Overall, the current state of LGC species taxonomy is largely consistent with genome-based species delimitation cutoffs. There are, however, exceptions that should be resolved to evolve toward a taxonomy where species share a consistent diversity in terms of sequence divergence.

Translating Recent Microbiome Insights in Otitis Media into Probiotic Strategies

Marianne F. L. van den Broek, Ilke De Boeck, Filip Kiekens, An Boudewyns, Olivier M. Vanderveken, Sarah Lebeer
Clinical Microbiology Reviews

The microbiota or bacterial community of the upper respiratory tract (URT) protects us against harmful or pathogenic bacteria via several mechanisms. Different factors, from the environment and/or the human host, can have an impact on the microbiota to an unstable community that predisposes the human body to infection or inflammation. Lactic acid bacteria (LAB) are members of the URT microbiota and associated with healthy conditions. These observations have formed the basis of this review, in which we describe the current knowledge of the molecular and clinical potential of LAB in the URT, which is currently underexplored in microbiome and probiotic research.

Inhibition of Candida Albicans Morphogenesis by Chitinase from Lactobacillus Rhamnosus GG

C. Allonsius, D. Vandenheuvel, E. Oerlemans, M. Petrova, G. Donders, P. Cos, P. Delputte and S. Lebeer
Scientific Reports

Lactobacilli have been evaluated as probiotics against Candida infections in several clinical trials, but with variable results. Understanding the clinical efficacy of Lactobacillus strains is hampered by an overall lack of insights into their modes of action. In this study, we aimed to unravel molecular mechanisms underlying the inhibitory effects of lactobacilli on hyphal morphogenesis, which is a crucial step in C. albicans virulence.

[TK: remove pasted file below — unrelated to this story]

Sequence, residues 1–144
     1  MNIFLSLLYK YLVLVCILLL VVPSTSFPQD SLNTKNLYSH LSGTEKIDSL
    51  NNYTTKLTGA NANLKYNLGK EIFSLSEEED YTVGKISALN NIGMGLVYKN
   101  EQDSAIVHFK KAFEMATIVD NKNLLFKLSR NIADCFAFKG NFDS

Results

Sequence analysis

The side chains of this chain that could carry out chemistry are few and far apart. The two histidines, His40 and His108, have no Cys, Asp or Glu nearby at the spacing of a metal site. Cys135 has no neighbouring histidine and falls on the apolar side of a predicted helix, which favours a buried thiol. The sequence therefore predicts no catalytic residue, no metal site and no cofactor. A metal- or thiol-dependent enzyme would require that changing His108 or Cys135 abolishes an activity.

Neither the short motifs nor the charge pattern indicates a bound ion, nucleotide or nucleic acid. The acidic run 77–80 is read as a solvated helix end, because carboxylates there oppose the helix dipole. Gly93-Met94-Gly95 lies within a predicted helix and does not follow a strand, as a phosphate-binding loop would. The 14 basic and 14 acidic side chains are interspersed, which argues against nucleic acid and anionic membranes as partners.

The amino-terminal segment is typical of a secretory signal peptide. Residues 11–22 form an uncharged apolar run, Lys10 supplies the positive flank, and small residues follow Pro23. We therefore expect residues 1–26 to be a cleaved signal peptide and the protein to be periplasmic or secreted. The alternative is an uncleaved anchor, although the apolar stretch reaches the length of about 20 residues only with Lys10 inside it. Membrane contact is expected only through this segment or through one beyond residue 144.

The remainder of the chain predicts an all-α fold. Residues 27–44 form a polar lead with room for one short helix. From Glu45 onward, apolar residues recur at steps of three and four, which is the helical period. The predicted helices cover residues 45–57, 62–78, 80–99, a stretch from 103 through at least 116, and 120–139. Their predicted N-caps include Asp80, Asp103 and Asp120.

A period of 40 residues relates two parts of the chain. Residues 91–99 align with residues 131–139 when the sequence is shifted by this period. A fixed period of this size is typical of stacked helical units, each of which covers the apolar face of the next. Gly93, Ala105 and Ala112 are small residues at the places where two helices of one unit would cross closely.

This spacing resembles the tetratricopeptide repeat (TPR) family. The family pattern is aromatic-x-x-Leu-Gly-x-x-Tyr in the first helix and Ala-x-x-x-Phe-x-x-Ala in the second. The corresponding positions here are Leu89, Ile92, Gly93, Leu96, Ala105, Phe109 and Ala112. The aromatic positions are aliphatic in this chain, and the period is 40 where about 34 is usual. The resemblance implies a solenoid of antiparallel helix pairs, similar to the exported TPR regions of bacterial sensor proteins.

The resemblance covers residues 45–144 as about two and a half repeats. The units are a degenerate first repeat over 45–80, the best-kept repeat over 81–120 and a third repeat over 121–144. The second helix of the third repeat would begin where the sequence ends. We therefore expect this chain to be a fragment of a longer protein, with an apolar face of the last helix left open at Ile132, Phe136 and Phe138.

Based on a screening of different Lactobacillus strains, we found that L. rhamnosusL. casei and L. paracasei showed the strongest activity against Candida hyphae formationMsp1 (major peptidoglycan hydrolase) was identified as a key effector molecule, and this was due to its ability to break down chitin, the main polymer in the hyphal cell wall of C. albicans. Our findings will assist in better strain selection and improved application in future clinical trials for Lactobacillus-based Candida-management strategies.

Elastic Recovery of Filler-Binders to Safeguard Viability of Lactobacillus Rhamnosus GG during Direct Compression

E. Byl, S. Lebeer and F. Kiekens
European Journal of Pharmaceutics and Biopharmaceutics

Tablets are increasingly explored as dosage form for oral probiotics. In such tablets, the dry form increases the stability of the product. In addition, the probiotic cells are entrapped in the tablet matrix, which protects them against the environmental factors in the human body. However, the development of a probiotic tablet with an adequate number of viable cells remains a challenge due to the stress of the compression process. The adverse conditions during production can damage the cells, which leads to a loss of viability and a failure of the therapy. This study aimed to investigate the effect of the compression behavior of filler-binders on the survival of Lactobacillus rhamnosus GG during tablet production. The results demonstrated that the elastic recovery of the filler-binder during decompression played a protective role in bacterial survival, reducing the compression stress during manufacturing. Consequently, the bacterial cells were less damaged, which resulted in a higher survival rate and a better stability during long-term storage. In conclusion, the elastic recovery of a filler-binder showed to be an important key in safeguarding probiotic cells during direct compression and storage.